Both diagrams of FIGS. 2a and 2 b conform to the commonly observed scenario that only a few U-codes are used close to the zero level. The reason is that because of the logarithmic PCM coding scheme of G.711, many more U-codes are available for signal levels close to the zero level than at higher absolute values. Many of the low level codes have a signal level distance to the next U-code which distance is below the minimum signal level distance which can be discriminated safely by the analogue modem receiving the signals.
When the digital modem 1 is encoding data to be transmitted to the analogue modem 5, it uses a variety of scrambling and interleaving techniques prescribed by V.90 and other recommendations in order to make sure that the use of codes within a particular code set during a data transmission period is as evenly distributed as possible. For the purposes of this invention, it may be assumed that all codes of a code set are used with the same probability. Then, the code distribution of a code set represents the power level of a signal transmitted using the code set. Precise details for calculating power levels are outlined in the draft ITU-T recommendation V.90.
Returning to FIG. 2a, it represents a code set diagram measured from a transmission using commercially available modems complying with V.90. Due to the power limit that is imposed on the reference point 20 of FIG. 1, U-chords 70+, 60+, EO+, and FO+ are not used at all for encoding data although the U-codes of these U-chords would be discriminated by the analogue modem 5. The diagram of FIG. 2a shows a code set having 52 PCM codes. This corresponds to a data rate of 45600 bits/s.
On the other hand, FIG. 2b represents a code set diagram according to the invention that results when applying the invention to the transmission path of the configuration of FIG. 2a. Since the power limit imposed on the encoder 7 of the digital modem 1 is elevated, from the power limit set at the reference point 20, by an amount of attenuation introduced by the line interface 3, more U-codes used at higher absolute signal values are possible. The code set diagram of FIG. 2b shows a code set having a total of 92 PCM codes which corresponds to a data rate of 52000 bits/s. Thus, the invention provides an improvement in the data rate from the digital modem 1 to the analogue modem 5 of almost 15%.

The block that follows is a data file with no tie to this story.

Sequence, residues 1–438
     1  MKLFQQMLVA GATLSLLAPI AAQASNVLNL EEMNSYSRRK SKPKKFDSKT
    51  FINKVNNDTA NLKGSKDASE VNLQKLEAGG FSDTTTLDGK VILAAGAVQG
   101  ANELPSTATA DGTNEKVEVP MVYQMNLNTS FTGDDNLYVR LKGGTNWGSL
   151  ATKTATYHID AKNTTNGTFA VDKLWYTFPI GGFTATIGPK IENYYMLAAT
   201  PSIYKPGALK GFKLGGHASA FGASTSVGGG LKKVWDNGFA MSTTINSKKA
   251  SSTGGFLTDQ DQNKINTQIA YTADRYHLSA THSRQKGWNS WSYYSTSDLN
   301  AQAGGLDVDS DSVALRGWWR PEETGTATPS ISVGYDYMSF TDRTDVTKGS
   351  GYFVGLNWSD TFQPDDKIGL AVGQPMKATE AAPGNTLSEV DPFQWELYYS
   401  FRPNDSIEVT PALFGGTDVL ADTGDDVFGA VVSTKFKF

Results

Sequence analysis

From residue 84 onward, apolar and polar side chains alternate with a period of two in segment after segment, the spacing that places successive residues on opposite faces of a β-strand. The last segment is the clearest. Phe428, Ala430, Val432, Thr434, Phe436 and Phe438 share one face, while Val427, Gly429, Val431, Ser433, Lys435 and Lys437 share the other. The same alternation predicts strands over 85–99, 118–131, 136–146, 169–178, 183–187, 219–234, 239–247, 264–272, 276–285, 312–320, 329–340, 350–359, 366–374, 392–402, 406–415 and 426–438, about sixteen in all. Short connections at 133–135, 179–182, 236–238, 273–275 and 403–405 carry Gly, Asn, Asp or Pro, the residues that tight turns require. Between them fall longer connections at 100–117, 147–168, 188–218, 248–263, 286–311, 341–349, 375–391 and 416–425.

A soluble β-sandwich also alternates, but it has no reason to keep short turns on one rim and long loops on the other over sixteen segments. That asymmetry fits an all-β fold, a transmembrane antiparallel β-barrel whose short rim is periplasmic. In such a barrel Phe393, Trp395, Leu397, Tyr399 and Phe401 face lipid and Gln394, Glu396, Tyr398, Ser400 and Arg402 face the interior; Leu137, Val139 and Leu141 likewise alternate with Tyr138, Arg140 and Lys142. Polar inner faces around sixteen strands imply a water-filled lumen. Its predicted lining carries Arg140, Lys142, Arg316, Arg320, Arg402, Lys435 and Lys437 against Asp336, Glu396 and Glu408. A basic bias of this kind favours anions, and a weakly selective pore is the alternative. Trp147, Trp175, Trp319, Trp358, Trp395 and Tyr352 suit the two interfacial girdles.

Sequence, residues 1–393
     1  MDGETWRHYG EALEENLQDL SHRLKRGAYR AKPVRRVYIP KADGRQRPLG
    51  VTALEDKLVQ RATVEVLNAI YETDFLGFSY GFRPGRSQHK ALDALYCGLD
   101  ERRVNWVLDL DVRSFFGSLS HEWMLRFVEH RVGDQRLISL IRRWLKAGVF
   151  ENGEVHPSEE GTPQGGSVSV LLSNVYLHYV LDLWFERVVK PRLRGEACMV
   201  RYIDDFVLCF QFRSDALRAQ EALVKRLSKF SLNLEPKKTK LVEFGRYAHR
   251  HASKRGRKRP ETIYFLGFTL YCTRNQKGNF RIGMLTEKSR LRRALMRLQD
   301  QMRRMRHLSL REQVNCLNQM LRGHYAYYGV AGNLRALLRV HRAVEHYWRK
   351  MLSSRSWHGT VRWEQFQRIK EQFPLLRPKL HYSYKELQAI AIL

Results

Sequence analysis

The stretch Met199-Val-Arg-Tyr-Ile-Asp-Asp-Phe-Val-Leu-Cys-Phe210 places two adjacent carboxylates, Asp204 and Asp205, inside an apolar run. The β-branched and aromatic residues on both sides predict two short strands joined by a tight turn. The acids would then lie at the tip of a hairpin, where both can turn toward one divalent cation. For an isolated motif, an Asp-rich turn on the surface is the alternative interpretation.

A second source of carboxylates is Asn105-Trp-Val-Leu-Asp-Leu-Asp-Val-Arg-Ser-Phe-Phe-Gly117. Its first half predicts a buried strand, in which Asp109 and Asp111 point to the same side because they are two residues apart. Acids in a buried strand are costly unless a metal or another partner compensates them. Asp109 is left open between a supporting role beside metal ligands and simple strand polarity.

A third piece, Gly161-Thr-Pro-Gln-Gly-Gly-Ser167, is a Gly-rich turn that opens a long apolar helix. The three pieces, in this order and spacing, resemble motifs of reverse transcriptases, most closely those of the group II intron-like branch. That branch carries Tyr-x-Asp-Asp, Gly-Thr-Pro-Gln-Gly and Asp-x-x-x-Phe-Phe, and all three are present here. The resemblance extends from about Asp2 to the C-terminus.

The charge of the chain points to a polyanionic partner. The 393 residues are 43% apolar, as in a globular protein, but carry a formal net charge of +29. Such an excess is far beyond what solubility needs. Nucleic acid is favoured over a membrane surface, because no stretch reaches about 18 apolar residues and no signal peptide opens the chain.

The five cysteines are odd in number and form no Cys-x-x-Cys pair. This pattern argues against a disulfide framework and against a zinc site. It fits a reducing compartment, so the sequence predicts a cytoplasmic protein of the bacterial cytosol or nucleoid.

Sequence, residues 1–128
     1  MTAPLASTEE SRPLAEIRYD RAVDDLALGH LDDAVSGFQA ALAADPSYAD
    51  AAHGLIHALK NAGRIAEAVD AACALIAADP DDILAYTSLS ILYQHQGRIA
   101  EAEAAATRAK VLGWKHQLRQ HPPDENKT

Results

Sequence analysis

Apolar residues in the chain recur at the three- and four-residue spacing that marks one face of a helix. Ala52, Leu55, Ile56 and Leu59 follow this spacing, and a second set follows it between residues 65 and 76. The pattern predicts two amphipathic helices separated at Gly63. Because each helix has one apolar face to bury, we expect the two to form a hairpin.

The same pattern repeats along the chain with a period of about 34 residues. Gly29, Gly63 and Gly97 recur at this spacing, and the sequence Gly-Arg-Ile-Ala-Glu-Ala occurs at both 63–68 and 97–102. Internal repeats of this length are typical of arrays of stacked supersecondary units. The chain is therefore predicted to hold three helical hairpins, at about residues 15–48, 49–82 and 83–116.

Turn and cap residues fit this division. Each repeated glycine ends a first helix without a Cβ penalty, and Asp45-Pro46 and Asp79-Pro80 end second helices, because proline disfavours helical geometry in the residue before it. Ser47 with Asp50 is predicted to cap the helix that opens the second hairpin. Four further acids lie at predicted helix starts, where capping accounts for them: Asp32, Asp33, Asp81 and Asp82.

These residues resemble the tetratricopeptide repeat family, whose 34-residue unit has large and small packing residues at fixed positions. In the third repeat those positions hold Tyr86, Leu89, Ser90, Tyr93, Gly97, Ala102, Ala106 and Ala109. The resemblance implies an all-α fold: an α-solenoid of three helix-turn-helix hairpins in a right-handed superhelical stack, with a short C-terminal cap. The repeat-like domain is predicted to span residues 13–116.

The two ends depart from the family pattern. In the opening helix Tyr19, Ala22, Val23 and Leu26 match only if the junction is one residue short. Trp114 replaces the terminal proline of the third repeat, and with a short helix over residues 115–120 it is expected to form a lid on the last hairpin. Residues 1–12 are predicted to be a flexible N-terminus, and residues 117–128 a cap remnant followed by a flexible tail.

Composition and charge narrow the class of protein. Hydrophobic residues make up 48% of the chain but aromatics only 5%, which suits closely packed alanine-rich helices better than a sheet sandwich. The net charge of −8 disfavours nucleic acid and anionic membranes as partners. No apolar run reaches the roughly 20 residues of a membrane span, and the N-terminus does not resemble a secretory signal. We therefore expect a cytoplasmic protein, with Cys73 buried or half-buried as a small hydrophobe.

The invention may be implemented during the course of communication set-up procedures of a V.90 communication channel. In phase two of the V.90 set-up, a total attenuation as a ratio of transmit power and receive power is determined. A signal B as defined in the ITU-T recommendation V.34 is transmitted by the digital modem 1, which signal B is a steady tone at a given frequency. Before transmitting the signal B, the digital modem 1 informs the receiving analogue modem 5 about the power level it will send in signal B. The analogue modem 5 may then compute the total is linear attenuation over the analogue portion of the signal transmission path between the digital modem 1 and the analogue modem 5.